Joachim Neander was German. And he was good at it.
Industrious – Seriously minded – Gifted.
He was born in Breman (as in the musicians) in 1650. His father, a Latin teacher, died with Neander was 16. Unable to afford to go away for a respectable education, he stayed at home, enrolling at the local bible school.
At first, he didn’t take to it. He actually led a pretty wild life until one day his faith was rocked by a stirring sermon from Theodor Undereyk – a relatively unknown preacher.
When he was 21, he moved to Heidelburg where he became a tutor at the University. Heidleburg was an awakening for Neander. Surrounded by a larger city, and one of the oldest and most respected universities in Europe (founded in 1386), Neander’s horizons were expanded and his faith was given wings. This season of Neander’s life laid the foundation for prolific few years which were to follow.
After only three years at Heidleburg, Neander moved to Dusseldorf to continue his education and prepare for pastoral ministry. Still only 27 years old, he served as a tutor at a Latin school in town.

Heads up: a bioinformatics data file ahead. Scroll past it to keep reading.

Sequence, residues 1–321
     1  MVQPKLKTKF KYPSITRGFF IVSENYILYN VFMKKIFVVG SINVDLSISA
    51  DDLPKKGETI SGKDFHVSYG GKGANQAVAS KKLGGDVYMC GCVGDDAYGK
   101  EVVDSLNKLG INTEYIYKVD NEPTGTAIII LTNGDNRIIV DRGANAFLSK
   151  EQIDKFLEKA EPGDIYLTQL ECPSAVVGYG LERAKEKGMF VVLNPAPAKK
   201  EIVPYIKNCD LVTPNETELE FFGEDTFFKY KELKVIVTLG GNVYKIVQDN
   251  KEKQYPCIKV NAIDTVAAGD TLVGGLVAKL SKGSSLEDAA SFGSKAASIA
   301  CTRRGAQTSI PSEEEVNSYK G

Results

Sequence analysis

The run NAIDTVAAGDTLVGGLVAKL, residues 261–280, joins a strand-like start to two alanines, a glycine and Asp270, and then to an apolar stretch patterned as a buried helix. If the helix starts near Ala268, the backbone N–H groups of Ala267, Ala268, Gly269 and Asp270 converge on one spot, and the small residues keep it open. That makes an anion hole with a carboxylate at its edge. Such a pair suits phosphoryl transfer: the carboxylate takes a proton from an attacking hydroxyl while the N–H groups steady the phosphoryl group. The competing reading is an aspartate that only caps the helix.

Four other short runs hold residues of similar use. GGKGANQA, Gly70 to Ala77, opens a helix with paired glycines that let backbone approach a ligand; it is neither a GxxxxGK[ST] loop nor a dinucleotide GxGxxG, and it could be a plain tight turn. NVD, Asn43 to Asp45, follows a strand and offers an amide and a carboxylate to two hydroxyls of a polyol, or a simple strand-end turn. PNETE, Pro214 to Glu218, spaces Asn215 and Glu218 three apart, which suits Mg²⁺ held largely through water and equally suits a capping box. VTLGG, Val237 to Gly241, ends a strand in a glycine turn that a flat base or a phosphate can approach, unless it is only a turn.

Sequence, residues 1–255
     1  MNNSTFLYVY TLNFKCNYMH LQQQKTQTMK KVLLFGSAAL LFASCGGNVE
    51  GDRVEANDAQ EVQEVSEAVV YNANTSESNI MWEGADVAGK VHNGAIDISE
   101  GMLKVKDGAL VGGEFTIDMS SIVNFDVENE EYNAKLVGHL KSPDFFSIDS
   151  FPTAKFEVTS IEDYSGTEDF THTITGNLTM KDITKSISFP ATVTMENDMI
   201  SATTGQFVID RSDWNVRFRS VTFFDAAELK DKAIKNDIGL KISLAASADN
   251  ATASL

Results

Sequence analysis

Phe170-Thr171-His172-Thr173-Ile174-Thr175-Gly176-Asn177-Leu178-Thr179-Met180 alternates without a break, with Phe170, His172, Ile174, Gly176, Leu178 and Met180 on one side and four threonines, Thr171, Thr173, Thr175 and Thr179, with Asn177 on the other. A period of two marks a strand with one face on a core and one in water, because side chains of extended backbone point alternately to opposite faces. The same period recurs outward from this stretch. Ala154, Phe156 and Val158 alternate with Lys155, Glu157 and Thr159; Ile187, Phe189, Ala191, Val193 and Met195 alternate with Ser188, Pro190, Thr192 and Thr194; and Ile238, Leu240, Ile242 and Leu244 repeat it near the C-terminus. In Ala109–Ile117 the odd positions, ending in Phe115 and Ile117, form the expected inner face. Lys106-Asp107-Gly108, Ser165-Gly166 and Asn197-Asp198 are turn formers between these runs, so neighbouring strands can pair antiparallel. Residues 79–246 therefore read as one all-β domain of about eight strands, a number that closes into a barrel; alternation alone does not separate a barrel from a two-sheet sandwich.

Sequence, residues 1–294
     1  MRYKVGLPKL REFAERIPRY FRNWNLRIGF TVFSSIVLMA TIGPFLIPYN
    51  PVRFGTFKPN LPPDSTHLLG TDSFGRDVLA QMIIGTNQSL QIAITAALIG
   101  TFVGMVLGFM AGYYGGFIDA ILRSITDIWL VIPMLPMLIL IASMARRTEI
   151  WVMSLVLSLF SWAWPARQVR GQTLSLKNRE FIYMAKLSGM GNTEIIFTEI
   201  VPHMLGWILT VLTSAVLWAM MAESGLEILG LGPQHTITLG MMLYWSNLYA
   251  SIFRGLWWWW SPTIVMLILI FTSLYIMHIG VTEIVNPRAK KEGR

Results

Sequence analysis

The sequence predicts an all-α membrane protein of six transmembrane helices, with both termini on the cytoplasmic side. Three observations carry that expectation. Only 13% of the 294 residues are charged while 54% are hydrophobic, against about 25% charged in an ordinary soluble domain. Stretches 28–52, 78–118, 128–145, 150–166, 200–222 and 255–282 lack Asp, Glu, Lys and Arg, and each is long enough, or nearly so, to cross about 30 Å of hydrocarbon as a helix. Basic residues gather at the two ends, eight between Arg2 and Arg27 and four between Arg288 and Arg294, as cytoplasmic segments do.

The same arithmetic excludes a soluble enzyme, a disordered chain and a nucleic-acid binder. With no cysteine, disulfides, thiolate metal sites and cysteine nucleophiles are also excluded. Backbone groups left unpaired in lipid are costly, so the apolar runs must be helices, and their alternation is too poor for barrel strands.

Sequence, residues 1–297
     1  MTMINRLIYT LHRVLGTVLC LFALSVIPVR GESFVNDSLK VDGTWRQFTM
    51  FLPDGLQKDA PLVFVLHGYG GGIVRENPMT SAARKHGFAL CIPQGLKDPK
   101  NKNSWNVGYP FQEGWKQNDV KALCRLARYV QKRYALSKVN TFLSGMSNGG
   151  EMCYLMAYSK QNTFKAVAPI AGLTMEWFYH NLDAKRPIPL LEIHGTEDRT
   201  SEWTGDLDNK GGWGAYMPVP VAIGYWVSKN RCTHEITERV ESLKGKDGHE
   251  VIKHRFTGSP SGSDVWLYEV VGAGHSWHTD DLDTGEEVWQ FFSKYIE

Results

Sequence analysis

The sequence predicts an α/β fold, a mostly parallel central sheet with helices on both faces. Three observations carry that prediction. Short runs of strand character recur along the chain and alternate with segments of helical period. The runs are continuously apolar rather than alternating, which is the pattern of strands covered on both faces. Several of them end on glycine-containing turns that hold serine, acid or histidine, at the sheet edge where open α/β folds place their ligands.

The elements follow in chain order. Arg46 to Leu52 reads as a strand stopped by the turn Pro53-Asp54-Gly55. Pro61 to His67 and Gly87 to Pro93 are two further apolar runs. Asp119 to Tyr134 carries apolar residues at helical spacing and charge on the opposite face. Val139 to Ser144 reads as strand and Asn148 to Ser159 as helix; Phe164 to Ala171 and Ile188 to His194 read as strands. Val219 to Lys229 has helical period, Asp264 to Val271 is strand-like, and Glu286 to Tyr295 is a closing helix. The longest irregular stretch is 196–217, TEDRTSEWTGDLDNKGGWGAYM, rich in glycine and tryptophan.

In between classes, Neander would take long walks in the valley near the Dussel River. Alone in the rolling hills and removed from the hectic pace of scholastic life, Neander felt his soul restored and his imagination stirred. He would sing – often singing and adapting Psalms into tunes that would fit his mood:
Praise to the Lord, who o’er all things so woundrously reigneth
shelters thee under His wings yea, so gently sustaineth,
hast thou not seen,
how all thy longings have been,
granted in what He ordaineth?
Here’s the point:
We can fake worship any time we feel like it. Throw a key-change in here or there – dim the lights – squint our eyes – lift our hands and we’re there. Or are we?
One of the strangest realities for worship leaders, pastors, and artists in the church (at least for me) is to neglect the private adoration of God. We simply haven’t cultivated the discipline of intentionally leaving space in our calendar – allowing us to “ponder anew.” If you’re not a worshiper of God in private, you’re not called to lead His church.
Neander died when he was 30, serving only 1 year as a pastor in his hometown Breman. But not without leaving his mark – writing over 60 hymns in the short span of 5 years. Ironically, the famous “Neander-thal” skeleton (literally, “Neander’s valley” in German) got its name from the valley where Neander contemplated the beauty of God’s creation.